Well, you had to see this one coming. The NY Times is reporting that IBM has now withdrawn its $7 Billion acquisition offer for Sun Microsystems. This is after IBM lowered its offer from $10 per share to $9.40. Sun, reportedly was "OK" with the deal as long as IBM would make guarantees not to walk away from the deal. Why would Sun want a guarantee that IBM would not walk away from the deal? Because of exactly what has happened. Think about it...how does the market view Sun now? How do customers view Sun now? A.M. Sacconaghi (interviewed in the NY Times article) hit the nail on the head... "For I.B.M., given its size, this was never a transformational deal, but in Sun’s case, it’s an extremely material event. This leaves Sun in a tough situation,Sun was on a path to selling itself, and this will inevitably raise questions in customers’ minds, no matter what Sun says, about its commitment to a go-it-alone strategy.”
Personally, I don't think we've heard the end of this deal. IBM really doesn't want Sun to fall into HP, Dell, or Cisco's hands. Sun really doesn't want to go-it-alone until another suitor arrives.
Last time I posted a blog on this deal, I described what this meant for other server vendors in this market. Given this situation, let's do that again.
- Hewlett Packard: There's not a lot for HP to be gained by buying Sun. HP's server line is superior. It's storage line is competitive to Sun. And, HP's software division is the management leader. HP isn't really into applications the way Sun is, so taking on Java would be a stretch. BUT -- HP could play a little chess. HP could feign interest in Sun, thereby driving Sun's price back up, and scaring IBM that they perhaps made the wrong move. IBM might then come back to the table and Sun would be off the market again. HP would make IBM spend a little more cash than they wanted. In the server market, it's dog-eat-dog. If you can get your competitor to spend a few extra bucks so that they can't use it against you, you do it.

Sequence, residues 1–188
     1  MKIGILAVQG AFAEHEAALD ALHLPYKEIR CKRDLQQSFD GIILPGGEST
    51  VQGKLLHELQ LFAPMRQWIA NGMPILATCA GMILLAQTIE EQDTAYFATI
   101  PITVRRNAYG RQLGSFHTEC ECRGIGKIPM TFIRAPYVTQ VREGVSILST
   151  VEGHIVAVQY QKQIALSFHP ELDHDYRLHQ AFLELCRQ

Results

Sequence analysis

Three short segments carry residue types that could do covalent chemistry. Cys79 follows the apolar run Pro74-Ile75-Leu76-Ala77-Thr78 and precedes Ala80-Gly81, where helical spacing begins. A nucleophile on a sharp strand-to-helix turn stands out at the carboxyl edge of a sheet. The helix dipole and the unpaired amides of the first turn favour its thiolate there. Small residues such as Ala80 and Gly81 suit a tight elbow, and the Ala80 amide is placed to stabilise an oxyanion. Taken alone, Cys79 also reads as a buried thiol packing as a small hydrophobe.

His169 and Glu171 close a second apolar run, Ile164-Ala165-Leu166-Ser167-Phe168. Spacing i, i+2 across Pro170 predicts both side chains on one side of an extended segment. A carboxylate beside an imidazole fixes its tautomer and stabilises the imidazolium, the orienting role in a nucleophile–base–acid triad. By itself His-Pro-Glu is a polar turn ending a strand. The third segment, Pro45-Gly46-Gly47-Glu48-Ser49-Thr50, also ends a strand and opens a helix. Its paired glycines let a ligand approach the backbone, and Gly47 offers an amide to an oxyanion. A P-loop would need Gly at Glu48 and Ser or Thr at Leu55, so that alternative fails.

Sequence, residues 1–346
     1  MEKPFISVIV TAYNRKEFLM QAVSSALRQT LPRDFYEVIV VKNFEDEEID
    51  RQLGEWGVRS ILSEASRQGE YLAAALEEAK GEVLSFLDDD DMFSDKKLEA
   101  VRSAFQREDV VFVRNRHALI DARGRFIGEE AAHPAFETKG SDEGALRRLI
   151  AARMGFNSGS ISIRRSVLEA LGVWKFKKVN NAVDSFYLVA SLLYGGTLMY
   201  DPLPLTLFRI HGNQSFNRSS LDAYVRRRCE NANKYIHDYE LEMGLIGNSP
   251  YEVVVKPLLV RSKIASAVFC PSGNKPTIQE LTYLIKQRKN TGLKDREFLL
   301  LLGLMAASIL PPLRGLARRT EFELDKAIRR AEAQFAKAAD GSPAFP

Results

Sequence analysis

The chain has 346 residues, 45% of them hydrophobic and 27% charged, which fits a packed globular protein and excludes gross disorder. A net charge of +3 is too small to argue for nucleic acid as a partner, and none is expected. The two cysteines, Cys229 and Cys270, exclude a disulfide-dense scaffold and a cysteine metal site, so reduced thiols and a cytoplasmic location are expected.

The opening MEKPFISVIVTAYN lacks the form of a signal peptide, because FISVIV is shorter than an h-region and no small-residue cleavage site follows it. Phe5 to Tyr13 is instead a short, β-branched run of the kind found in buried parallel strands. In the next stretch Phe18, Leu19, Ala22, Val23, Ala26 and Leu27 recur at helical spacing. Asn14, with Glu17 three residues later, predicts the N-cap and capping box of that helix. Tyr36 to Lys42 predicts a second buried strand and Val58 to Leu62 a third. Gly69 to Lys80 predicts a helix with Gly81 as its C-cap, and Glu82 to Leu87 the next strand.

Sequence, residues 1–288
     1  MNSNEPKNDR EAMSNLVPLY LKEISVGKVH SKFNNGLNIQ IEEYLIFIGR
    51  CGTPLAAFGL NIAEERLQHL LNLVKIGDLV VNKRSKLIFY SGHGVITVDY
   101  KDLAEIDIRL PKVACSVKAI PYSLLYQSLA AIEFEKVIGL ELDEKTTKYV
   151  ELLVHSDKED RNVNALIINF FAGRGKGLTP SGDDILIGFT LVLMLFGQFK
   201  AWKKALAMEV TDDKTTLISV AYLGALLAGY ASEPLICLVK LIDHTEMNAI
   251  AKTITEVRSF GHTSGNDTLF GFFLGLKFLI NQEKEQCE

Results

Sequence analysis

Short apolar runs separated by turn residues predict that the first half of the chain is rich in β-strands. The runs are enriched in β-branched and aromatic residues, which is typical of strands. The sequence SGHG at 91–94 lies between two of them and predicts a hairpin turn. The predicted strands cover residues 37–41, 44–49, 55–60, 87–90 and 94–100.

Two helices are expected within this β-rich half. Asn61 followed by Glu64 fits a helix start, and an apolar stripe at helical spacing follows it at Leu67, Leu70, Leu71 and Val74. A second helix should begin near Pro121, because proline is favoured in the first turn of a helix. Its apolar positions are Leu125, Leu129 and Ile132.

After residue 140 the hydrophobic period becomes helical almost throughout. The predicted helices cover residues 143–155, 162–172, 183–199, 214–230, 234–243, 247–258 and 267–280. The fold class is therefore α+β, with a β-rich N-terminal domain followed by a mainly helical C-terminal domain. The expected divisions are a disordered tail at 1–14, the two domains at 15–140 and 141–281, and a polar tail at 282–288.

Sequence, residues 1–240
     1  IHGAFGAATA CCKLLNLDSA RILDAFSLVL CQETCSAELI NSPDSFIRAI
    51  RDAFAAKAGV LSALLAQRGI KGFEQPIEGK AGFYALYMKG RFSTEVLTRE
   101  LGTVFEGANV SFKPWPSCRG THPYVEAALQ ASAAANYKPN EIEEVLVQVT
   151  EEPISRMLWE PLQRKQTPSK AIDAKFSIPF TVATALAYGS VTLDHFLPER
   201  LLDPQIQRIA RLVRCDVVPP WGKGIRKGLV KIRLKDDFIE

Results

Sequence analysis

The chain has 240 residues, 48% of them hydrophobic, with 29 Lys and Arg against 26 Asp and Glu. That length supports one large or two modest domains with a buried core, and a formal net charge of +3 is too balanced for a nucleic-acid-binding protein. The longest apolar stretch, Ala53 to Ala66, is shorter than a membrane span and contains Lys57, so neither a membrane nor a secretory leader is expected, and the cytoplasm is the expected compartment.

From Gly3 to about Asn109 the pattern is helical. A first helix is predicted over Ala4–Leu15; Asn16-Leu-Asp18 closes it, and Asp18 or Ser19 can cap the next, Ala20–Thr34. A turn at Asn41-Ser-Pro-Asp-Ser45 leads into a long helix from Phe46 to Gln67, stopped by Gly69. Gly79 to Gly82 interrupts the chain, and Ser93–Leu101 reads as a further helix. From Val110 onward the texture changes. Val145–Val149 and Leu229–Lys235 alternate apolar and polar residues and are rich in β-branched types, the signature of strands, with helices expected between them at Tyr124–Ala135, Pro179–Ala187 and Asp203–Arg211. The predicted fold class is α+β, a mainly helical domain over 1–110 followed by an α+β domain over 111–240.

- Dell: <sigh>....For Dell, it doesn't get to look any better than this. If IBM and Sun are truly on the outs, and Sun's perception in the market is headed downward, then now is the time for Dell to get Sun. This is now the 3rd time I've blogged about this [1,2]. Dell needs to stop moving down market into PCs and gadgets and start thinking enterprise. The margins are better, the customers have deeper pockets, and Dell's brand needs a credibility boost. Dell, do yourself a favor and throw your hat into the ring.
- Cisco: I would say "See Dell" and be done, but Cisco actually has even more to gain than Dell. Dell, compared to Cisco, has a much more well-rounded enterprise portfolio. Cisco is in need of rack servers, storage, server customers, service people with server knowledge, etc, etc, etc. Cisco can't afford to build their server product portfolio organically. That would take too long. Cisco simply can't compete in many enterprise accounts without a more well-rounded portfolio. Will enterprise customers who need rack servers, storage, service, and blades buy the blades from Cisco and everything else from other vendors? No. Cisco's strength is its brand. Scooping up Sun would prove to the IT industry that Cisco is a player to be reckoned with and not a flash-in-the-pan.
- Fujitsu: Fujitsu gets a reprieve from having to buy SPARC from IBM. Plus Sun is now their new best friend since Sun will need the revenue. Fujitsu needs to put their SPARC exit strategy into motion. Fujitsu, meet Intel and AMD, they have nice chips.
- AMD and Intel: These two shouldn't get too excited about Sun coming back. Its only a matter of time before something happens. AMD, just like Fujitsu, time to figure out that Sun exit strategy.
[posted by: Drue Reeves]